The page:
Friday, November 06, 2009

Gentlemen Broncos (2009)

This one is going to split viewers - or at least, the small number of viewers who get to see it since it's basically been dumped by the studio.

In each of his three movies, Jared Hess has walked the fine line between making fun of his oddball characters (Napoleon Dynamite, Nacho Libre) and empathizing with them and their unusual plights. Many have seen these movies as essentially mean-spirited and exploitative, making fun of these weirdos. Personally, I see Hess as being on the side of the dreamers and outcasts, but also recognizing that comedy comes from pain, and the most acute pain comes from social ostracism. And in each of his movies, Hess has balanced the pain with triumph - Napoleon wows his high schoolmates with his dance performance, Nacho wins the wrestling match, and in this movie Benjamin Purvis finds a way to make his loved ones' dreams come true. These are sweet, gentle-hearted movies that also happen to have a piercing eye for the absurd and aren't afraid of the occasional poop joke.

Anyway, Gentlemen Broncos, which sounds like it could involve gay cowboys eating pudding, is the story of Ben Purvis, a teenage sci-fi writer whose dreams run into two obstacles - absurdly pompous author Ronald Chevalier (Jemaine Clement, featuring the greatest accent on Earth) and a pair of low-budget teenage filmmakers who bastardize Ben's already bizarre story, which involves genital hazards and flying deer that fire missiles and yeast - it's all a bit hard to describe. Suffice to say that for me, Gentlemen Broncos was delightful, and if you don't want to see Sam Rockwell launching himself into the sky through the power of flatulence or Jemaine Clement ponderously explaining how sci-fi names can always be improved through the addition of '-onious' or '-anous', then I don't know what else to tell you. And Mike White as a longhaired creep with an ill snake? And Halley Feiffer getting a hand massage with too much lotion? Freakazoid bliss.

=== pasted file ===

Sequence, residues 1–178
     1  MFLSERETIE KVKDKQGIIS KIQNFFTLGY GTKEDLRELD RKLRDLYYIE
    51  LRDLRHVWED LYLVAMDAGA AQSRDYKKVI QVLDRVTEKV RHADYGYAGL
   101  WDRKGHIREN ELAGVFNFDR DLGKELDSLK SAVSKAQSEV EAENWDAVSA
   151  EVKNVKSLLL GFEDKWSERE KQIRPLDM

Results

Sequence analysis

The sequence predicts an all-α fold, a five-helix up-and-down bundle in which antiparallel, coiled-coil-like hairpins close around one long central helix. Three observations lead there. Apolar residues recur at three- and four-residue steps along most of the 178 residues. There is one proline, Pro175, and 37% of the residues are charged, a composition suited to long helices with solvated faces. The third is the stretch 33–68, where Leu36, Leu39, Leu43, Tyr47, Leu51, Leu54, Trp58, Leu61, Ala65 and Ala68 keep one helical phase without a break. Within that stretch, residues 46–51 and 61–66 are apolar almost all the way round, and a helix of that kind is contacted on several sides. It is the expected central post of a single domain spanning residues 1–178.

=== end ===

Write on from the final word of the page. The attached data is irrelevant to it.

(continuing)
Hess's visual style has been compared to that of Wes Anderson, with an emphasis on centered framings and odd tangential details, but I realized in this movie that the two filmmakers are interested in radically different themes - Hess focusses on people in marginalized, out-of-the-way places, whereas Anderson focusses on people in the most chic and stylish places (who nonetheless are broken and lonely as well). And don't get me wrong, I love Anderson's films, but I absolutely find a huge amount of value in Jared Hess's resolutely anti-glamorous films as well.


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